Ran across a really interesting that I want to share. No time to comment on it at length, but the approach it describes to poverty is really important. It’s from Claire Melamed at Aeon. Here’s a quick summary:
“Look at that seesaw again. It’s tempting to picture the people on it as atomised individuals, randomly distributed between the two sides. But in fact they aren’t like that at all. People don’t end up among the very rich, or languish on the side of the very poor, by chance. Rather, their position depends to a remarkable degree on the groups that they belong to. Where do they live? What is their ethnic group or religion? Do they have a mental illness or a physical disability? What family do they come from?”
There are some really important insights in this piece, but perhaps most important is her emphasis on network effects as related to poverty and inequality. In American culture we imagine wealth and poverty, like nearly everything else, as almost exclusively a matter of individual qualities. We are quite deliberately and ideologically blind to the wider effects of region, race, culture, and other network factors that influence success.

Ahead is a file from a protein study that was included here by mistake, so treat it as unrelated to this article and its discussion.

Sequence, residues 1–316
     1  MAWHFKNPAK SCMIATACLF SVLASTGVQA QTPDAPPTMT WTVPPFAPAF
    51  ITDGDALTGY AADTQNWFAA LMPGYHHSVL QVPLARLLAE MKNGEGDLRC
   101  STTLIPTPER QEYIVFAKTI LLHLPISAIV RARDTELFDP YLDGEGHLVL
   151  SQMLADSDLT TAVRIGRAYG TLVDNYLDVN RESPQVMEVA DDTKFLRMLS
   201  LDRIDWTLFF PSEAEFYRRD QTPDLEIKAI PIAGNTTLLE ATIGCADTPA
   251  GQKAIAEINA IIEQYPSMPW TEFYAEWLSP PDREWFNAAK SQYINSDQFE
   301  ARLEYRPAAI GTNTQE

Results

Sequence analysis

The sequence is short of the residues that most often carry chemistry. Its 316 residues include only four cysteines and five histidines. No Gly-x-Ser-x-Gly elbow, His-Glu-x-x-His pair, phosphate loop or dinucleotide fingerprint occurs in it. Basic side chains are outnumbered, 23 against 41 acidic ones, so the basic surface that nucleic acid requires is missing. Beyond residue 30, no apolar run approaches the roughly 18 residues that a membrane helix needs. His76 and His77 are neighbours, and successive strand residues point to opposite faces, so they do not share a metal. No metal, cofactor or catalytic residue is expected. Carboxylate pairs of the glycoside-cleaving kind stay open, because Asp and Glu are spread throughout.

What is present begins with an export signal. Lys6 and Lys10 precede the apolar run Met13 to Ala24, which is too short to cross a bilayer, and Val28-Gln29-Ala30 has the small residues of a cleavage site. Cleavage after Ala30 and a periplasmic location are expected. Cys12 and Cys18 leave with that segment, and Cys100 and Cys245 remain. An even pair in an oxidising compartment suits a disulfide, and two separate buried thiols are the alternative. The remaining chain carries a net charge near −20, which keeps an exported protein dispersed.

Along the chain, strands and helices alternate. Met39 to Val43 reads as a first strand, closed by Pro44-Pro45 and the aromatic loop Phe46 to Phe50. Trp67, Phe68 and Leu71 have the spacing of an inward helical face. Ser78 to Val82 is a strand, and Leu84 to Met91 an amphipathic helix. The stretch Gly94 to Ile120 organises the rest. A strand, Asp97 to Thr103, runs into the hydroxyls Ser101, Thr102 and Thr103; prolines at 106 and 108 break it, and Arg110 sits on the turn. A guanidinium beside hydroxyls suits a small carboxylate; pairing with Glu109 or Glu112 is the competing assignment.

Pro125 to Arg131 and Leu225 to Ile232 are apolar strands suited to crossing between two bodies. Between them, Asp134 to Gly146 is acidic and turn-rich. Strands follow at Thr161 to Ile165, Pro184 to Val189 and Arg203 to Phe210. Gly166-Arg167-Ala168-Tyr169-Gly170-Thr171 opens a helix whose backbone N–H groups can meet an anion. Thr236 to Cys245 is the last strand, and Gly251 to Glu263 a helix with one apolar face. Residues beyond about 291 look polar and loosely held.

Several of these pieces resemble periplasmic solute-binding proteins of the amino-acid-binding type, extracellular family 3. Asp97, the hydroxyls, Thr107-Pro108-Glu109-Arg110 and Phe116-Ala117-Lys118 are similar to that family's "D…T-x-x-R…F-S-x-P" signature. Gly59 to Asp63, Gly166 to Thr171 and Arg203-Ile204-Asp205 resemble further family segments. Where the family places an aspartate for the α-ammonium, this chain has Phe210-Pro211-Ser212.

This blindness may have something to do with the ways that the New Deal led to the Civil Rights movement, or the Great Society seems to have actually exacerbated poverty in African American communities. Many of our efforts to relieve poverty are built in a way that impacts different networks in different ways. Our blindness to that dynamic creates strange distortions.
The anti-poverty campaigns of the 30’s and 60’s were actually radically successful in mainstream white and urban communities. They have been less successful in minority urban communities and white rural areas like the Appalachians. In fact, the structure of some of these efforts and their localized successes, may have actually contributed to inequality in some strange ways. My conclusions, not the author’s.
More to come. Complete article here.